Objective: Our objective was to evaluate tokens commonly used by clinical research consortia to aggregate clinical data across institutions.
Methods: This study compares tokens alone and token-based matching algorithms against manual annotation for 20,002 record pairs extracted from the University of Texas Houston's clinical data warehouse (CDW) in terms of entity resolution.
Results: The highest precision achieved was 99.9% with a token derived from the first name, last name, gender, and date-of-birth. The highest recall achieved was 95.5% with an algorithm involving tokens that reflected combinations of first name, last name, gender, date-of-birth, and social security number.
Discussion: To protect the privacy of patient data, information must be removed from a health care dataset to obscure the identity of individuals from which that data were derived. However, once identifying information is removed, records can no longer be linked to the same entity to enable analyses. Tokens are a mechanism to convert patient identifying information into Health Insurance Portability and Accountability Act-compliant deidentified elements that can be used to link clinical records, while preserving patient privacy.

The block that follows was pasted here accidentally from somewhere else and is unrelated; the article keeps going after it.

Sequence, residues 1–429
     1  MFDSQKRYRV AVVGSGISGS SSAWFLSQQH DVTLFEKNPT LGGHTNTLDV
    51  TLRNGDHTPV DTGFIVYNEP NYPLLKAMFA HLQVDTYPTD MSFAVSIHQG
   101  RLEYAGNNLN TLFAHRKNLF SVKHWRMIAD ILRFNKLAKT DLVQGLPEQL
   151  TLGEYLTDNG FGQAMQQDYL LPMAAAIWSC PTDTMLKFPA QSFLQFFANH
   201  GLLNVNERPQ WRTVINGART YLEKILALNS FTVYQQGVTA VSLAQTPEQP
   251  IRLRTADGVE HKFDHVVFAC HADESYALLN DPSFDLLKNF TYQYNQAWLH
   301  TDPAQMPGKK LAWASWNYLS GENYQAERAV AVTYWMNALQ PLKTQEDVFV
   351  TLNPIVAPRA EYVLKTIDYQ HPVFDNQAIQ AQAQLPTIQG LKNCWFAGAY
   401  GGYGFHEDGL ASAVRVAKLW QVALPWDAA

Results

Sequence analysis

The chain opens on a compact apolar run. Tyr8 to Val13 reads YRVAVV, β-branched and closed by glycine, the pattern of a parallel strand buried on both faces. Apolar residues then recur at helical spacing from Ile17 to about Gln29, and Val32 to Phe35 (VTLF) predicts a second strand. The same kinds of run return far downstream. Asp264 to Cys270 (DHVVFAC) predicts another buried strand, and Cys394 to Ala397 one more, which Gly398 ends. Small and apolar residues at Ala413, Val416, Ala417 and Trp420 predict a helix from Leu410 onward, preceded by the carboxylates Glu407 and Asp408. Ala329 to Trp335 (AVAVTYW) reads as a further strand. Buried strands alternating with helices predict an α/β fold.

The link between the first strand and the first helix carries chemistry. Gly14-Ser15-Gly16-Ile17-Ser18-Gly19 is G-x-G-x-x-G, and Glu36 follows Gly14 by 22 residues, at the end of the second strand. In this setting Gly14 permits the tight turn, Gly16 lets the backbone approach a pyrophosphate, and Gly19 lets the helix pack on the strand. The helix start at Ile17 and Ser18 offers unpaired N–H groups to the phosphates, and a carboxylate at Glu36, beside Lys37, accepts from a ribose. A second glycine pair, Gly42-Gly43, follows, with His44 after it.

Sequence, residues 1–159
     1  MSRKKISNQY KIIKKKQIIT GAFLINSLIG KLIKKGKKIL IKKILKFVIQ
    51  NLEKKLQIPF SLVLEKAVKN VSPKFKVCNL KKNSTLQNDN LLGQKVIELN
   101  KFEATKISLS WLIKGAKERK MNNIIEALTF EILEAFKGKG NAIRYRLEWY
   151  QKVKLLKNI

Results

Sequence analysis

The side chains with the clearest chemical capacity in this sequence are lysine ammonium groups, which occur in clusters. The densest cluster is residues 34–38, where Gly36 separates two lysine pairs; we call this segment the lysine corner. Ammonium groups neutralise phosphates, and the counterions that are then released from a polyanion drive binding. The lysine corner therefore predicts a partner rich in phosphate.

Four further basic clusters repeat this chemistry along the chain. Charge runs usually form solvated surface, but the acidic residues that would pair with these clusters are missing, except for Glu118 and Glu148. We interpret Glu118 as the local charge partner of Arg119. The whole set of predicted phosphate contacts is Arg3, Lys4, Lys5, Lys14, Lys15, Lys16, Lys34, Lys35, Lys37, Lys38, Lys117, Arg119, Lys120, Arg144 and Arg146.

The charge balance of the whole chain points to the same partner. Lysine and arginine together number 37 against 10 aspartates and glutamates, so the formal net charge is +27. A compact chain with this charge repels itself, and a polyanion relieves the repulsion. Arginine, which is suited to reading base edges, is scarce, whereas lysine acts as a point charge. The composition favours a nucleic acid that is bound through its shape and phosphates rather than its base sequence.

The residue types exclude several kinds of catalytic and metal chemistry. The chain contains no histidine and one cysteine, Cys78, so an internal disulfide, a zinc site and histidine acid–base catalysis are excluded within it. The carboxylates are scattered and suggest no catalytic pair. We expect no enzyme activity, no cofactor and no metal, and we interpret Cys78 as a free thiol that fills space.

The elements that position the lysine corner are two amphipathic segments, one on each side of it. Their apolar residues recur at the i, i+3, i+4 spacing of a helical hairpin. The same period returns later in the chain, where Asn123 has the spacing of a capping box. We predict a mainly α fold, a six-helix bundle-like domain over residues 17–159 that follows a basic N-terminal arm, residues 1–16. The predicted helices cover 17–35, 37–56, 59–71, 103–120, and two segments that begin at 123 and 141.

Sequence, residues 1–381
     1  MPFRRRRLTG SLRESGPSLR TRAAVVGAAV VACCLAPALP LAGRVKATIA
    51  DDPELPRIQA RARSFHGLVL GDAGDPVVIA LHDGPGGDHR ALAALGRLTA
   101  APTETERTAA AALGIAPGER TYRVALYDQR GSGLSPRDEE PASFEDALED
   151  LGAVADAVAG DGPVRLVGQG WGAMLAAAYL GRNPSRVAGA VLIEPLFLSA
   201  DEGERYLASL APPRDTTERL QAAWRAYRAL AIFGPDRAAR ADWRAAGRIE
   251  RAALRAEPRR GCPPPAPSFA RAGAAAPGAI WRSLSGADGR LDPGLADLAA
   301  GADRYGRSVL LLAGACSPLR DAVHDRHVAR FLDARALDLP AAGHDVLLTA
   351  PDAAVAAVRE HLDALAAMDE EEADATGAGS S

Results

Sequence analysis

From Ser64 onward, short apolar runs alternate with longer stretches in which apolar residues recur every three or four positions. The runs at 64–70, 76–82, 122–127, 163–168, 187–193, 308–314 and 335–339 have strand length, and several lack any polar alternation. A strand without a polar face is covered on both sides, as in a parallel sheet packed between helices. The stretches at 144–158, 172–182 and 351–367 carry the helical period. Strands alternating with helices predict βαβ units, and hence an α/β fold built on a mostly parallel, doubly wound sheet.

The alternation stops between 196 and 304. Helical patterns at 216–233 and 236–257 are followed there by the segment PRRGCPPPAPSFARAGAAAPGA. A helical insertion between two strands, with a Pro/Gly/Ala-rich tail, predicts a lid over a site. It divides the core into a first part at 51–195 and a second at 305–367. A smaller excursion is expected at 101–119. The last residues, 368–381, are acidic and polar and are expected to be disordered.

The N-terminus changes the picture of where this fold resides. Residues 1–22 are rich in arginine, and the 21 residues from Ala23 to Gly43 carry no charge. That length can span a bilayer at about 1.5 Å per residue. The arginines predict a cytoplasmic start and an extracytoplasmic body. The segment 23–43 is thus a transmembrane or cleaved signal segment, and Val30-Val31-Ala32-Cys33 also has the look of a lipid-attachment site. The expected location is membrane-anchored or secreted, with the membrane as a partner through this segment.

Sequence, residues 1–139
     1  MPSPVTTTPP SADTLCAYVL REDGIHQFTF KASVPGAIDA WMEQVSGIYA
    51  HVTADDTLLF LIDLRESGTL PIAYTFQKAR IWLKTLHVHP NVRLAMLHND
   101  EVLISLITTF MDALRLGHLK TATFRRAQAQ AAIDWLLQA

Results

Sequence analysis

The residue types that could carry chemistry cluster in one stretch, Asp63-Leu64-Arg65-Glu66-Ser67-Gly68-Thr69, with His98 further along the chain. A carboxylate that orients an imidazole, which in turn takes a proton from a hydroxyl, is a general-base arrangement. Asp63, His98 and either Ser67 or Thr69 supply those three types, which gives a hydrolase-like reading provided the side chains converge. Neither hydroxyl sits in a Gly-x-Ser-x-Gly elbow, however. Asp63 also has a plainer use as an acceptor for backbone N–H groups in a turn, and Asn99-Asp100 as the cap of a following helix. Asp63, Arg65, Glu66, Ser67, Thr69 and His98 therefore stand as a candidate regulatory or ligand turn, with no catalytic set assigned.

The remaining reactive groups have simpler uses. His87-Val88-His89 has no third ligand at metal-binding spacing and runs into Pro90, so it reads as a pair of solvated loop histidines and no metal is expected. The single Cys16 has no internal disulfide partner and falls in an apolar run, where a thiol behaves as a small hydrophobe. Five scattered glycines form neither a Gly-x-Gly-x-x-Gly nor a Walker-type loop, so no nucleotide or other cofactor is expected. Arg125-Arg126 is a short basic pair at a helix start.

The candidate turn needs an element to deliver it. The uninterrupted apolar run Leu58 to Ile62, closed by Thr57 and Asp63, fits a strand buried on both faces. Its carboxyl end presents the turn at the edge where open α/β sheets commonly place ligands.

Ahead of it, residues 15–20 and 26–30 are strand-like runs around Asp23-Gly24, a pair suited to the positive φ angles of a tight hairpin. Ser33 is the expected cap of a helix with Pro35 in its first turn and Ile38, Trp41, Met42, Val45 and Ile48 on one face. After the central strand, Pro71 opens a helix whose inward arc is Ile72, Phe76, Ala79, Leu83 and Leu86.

Conclusion: Depending on the availability and accuracy of the underlying data, tokens are able to resolve and link entities at a high level of precision and recall for real-world data derived from a CDW.
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